U.S. Rep. Bonamici tackles guns, safety and more at town hall
Guns and safety headlined a town hall Thursday with U.S. Rep Suzanne Bonamici at Astoria High School.
A small crowd turned out for the discussion, the congresswoman’s sixth this month during a spring tour of her district in Northwest Oregon. She started out thanking Astoria sophomores Isabel Talley and Kegan Rascoe, who handed her a stack of 78 signed form letters from students and staff calling for more federal funding to improve school safety.
The letters specifically called for federal money to provide better cameras, automatically locking doors and bulletproof glass for inner school doors.
On her congressional website, Bonamici mentions her support for reinstating the federal ban on military-style assault weapons that was in place from 1994 to 2004, pointing out their use in recent mass shootings. Beginning a back-and-forth with Bonamici, Ken Ellsworth of Warrenton asked how she defines assault weapons.
“I’m not myself defining assault weapons,” the Oregon Democrat said. “What I think we should do is look at the assault weapons ban that was in effect for 10 years and … figure out if that’s something that’s going to keep our community safe.”
Ellsworth took issue with the focus on a gun ban, saying rifles had been brought to schools before the phenomenon of mass shootings. He pointed to the presence of psychotropic drugs as a commonality among school shooters.
The causes of gun violence need to be figured out, Bonamici said, noting the federal Centers for Disease Control and Prevention was recently given authority to do research. Asked later by another person whether there is momentum to bring back the assault weapons ban, Bonamici said there are conversations about reinstatement, albeit not in the same form.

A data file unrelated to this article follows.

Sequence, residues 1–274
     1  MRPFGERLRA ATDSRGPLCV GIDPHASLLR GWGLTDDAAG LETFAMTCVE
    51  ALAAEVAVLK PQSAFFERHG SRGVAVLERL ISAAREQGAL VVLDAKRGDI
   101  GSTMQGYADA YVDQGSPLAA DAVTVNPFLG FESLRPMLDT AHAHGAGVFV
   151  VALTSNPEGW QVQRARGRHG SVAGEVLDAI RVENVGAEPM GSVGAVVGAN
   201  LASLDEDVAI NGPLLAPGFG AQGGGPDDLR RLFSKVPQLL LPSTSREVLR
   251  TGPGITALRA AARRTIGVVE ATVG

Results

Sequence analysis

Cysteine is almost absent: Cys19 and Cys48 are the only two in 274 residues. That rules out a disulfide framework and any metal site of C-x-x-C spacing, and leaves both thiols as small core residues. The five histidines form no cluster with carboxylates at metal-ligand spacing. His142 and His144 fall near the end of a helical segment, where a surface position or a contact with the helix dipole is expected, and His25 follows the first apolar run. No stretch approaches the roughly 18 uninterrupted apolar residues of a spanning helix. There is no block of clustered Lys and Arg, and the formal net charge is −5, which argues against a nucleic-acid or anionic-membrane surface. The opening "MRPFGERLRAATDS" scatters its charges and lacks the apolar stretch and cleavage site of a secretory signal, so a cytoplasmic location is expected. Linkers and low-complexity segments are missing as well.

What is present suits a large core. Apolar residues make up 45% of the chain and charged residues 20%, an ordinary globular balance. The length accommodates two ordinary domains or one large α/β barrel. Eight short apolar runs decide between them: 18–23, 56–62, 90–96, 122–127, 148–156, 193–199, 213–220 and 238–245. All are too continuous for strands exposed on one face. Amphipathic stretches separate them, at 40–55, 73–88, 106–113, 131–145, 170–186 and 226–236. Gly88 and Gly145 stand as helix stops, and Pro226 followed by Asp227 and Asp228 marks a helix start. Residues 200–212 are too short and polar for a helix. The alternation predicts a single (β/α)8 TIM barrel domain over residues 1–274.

“As the gentleman pointed out earlier, there are definitional challenges,” Bonamici said.
There appears to be progress toward restricting bump stocks and high-capacity magazines, while doing more research on gun violence. “Universal background checks would be a really good start,” she said.
Amy Baker, executive director of Clatsop Behavioral Healthcare, commented on how mental health is not funded the same as medical, and on the need for community acceptance of people suffering with behavioral issues. Too much control lies with the federal Centers for Medicare and Medicaid Services, which is outdated and needs to be overhauled, she said.
Dr. Sangkun “Sonny” Park, an Astoria doctor, also commented on how there is no hospital locally for people dealing with mental health issues.
The move away from institutionalization to community-based care has been mostly good but not properly funded, Bonamici said, and communities need more options, especially in rural areas. She gave a shoutout to businesses like the Beaverton Bakery, honored by the White House in 2016 for hiring former drug court inmates to reduce recidivism, saying the community needs to help people in recovery overcome stigmas and return to the workforce.
Bonamici was asked what Congress is doing to help stem the opioid epidemic. There needs to be more evidence-based prevention programs and continued improvement in the battle against overprescription of opioid medications, she said.
“If you took the total number of opioids that were prescribed over the last year, everybody in the state — men, women and children — would have received 55 pills,” she said. “It’s on a downward trend as providers are educated about new practices.”
Ken Adams of Astoria commented on Bonamici’s support of citizenship for immigrants brought to America illegally as children but covered by the Deferred Action for Childhood Arrivals program. He called on Bonamici to support making the federal E-Verify system mandatory for all employers. The congresswoman said she is concerned about the use of E-Verify before comprehensive immigration reform.
Asked about how she would work collaboratively with Republicans, Bonamici noted she has always been in the minority in her six years in the U.S. House.
“I don’t care whose idea it is, if it’s a good idea,” she said, adding many of her colleagues, despite having different approaches, all care about things like the economy, education and the environment.